Summer Chilling: Staying Cool with Fitness, Fashion, and Food

Jo-Carolyn Goode | 6/2/2017, 8:05 a.m.
Falling down your face. Stinging your eyes. Wetting up your clothes. It’s sweating season ladies and gentlemen. Scorching, summery triple ...

Falling down your face. Stinging your eyes. Wetting up your clothes. It’s sweating season ladies and gentlemen. Scorching, summery triple digit temperatures are in our imminent future when summer officially beginning on June 20th. The heat and humidity are already getting to some of us just taking a few steps out the door. Get prepared for the pending hotter days with tips on staying cool with fitness, fashion, and food.

Texans know heat better than anyone about record breaking heat. To date, the hottest temps on record for Texas occurred on June 28, 1994, when Seymour, Texas was 120 degrees Fahrenheit according to the National Weather Service. The hottest temps on record for June in Houston was 109 degrees on September 4, 2000, and August 27, 2011. Who knows what Sumer 2017 will have in store for us? That’s why we must be prepared.

In order to know how to stay cool, one must understand how the body gets heated. The first place to get answers is to speak with the folks at the Houston Health Department. Heat exhaustion occurs usually when doing heavy activity outdoors in the beaming hot sun. The body responds to this activity by shedding heat through the evaporation of water from the skin, sweat. This process also depletes the body of salt. Signs and symptoms of heat exhaustion quickly follow if not treated immediately. When the body temp rises above 103°F some signs that a person may be in trouble are red, hot and dry skin, rapid pulse, throbbing headache, dizziness, nausea, confusion, and unconsciousness. However, if the body’s sweat system fails and the body is unable to cool down a more serious condition could develop.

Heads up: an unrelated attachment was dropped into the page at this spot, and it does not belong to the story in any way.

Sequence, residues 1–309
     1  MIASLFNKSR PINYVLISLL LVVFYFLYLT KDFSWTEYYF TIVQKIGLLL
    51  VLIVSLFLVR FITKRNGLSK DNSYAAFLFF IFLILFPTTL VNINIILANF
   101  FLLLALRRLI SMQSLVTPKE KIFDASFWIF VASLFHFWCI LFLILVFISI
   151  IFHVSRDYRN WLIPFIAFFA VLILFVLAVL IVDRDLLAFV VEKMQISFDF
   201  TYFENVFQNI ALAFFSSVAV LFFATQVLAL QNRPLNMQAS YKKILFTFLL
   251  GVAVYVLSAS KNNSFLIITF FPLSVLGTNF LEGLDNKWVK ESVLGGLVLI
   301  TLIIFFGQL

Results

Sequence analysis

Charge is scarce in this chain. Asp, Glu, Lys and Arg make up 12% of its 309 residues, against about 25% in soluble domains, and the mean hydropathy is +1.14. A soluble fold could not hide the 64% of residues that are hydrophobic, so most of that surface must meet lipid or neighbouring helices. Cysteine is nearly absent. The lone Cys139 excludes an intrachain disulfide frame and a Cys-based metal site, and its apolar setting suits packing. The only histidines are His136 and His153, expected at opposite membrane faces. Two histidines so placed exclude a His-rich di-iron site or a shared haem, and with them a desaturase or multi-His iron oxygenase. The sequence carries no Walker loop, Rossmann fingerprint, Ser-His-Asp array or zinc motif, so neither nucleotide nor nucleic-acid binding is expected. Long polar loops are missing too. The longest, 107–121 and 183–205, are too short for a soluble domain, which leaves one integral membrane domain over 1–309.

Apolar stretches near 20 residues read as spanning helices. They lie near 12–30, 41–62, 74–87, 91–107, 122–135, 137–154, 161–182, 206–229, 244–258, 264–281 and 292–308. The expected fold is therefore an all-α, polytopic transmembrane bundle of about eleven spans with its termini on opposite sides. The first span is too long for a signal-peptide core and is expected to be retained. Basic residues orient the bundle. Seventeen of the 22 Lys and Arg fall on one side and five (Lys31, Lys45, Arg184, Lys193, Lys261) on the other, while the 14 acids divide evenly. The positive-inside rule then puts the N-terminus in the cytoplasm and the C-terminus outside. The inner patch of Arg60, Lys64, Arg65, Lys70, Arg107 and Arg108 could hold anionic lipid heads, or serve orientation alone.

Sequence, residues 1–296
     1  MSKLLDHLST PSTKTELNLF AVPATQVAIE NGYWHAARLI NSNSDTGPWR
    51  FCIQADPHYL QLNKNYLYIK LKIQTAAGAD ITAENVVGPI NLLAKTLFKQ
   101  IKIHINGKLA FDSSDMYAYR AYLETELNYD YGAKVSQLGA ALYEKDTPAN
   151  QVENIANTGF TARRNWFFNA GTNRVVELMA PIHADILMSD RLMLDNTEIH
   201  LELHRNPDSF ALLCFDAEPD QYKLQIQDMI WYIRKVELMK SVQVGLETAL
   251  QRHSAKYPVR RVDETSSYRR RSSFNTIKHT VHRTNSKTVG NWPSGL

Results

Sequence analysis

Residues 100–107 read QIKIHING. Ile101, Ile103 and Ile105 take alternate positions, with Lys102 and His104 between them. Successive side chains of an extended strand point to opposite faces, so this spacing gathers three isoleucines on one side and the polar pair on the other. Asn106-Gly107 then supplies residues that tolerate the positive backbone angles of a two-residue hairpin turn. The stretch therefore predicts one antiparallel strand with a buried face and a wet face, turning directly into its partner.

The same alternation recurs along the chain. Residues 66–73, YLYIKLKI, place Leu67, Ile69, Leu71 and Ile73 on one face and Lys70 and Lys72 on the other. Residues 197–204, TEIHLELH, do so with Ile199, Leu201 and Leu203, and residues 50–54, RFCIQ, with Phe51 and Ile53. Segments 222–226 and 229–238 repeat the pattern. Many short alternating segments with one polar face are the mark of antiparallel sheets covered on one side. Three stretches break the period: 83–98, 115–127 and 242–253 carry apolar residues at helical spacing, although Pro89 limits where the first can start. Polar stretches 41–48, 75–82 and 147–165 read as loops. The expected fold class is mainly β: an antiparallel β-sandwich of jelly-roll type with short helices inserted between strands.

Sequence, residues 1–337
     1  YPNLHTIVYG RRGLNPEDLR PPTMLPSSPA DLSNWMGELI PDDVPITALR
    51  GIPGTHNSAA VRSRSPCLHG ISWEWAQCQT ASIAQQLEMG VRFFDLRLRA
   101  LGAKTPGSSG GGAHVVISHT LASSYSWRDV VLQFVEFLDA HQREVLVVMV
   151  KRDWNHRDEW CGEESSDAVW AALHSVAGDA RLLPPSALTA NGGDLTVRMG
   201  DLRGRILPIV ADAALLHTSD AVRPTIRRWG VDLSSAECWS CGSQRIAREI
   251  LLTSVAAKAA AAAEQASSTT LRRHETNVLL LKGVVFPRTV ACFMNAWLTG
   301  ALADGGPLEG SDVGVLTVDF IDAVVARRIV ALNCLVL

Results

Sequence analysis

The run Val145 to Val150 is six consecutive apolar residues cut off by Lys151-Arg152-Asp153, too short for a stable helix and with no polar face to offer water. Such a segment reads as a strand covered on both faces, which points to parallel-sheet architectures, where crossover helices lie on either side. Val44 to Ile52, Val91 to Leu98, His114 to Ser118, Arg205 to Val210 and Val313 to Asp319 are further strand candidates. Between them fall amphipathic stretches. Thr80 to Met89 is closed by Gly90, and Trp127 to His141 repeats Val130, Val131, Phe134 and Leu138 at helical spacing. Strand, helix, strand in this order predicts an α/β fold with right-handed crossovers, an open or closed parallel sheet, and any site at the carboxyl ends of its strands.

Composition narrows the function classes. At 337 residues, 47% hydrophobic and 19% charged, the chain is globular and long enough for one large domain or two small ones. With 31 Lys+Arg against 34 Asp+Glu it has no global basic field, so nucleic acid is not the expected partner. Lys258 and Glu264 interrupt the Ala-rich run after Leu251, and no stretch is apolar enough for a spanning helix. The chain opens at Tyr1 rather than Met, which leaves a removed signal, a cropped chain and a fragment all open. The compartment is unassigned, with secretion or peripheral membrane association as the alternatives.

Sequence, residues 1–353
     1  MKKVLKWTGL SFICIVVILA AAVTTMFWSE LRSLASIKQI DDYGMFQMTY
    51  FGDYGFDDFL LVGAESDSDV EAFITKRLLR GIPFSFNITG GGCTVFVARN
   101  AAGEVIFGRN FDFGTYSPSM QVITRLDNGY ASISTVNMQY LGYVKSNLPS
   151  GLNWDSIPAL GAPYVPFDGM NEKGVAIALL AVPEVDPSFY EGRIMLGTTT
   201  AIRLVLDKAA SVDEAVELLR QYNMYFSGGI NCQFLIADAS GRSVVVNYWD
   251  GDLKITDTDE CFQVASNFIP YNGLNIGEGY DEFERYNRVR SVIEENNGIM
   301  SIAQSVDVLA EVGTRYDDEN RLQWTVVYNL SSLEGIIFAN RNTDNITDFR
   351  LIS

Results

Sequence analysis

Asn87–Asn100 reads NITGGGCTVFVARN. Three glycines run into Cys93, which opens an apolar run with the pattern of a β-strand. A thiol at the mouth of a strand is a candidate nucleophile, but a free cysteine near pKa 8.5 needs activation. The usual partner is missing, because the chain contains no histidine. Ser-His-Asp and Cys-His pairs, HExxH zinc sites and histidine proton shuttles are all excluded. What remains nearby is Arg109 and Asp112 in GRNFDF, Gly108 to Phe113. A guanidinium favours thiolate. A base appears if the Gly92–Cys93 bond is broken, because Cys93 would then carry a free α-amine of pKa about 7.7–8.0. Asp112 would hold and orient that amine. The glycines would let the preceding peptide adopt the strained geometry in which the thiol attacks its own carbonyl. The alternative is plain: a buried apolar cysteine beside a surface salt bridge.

Before the point of panic, Porfirio Villarreal, Public Information Officer, offers a bit of advice to stay summer chill in Houston. His first tip is to hydrate. He advises that people should increase their water consumption and avoid caffeine, alcohol, and limit their sugar intake. Drinking liquids before, during and after physical activity in the heat will keep the body hydrated. Drinks with added sugars will give the opposite effect.

Villarreal also cautions about doing physically demanding tasks during the hottest part of the day. “If you want to start getting back in shape you don’t want to start right away in the middle of the day. If you have not exercised for years, months, you want to start slowly, gradually increase your exposure to the heat over several weeks.” Another tip is to start early. There is a reason the early bird gets the worm. And in the case of heat, the early bird is the one who stays cool.


Summer chilling happens when one dresses in lighter loose fitting clothing but how can this be accomplished and still keep your fashionista cred? Shop at Macy’s, of course. Macy’s has a line of clothing that has been specially treated to provide protection from the sun. Macy’s UPF clothes give protection from the sun with a sense of style. Some clothes have sun protection factor of 50 allowing the body to stay cool by wicking away moisture and allowing freedom of movement. The clothing is lightweight and made with breathable fabrics.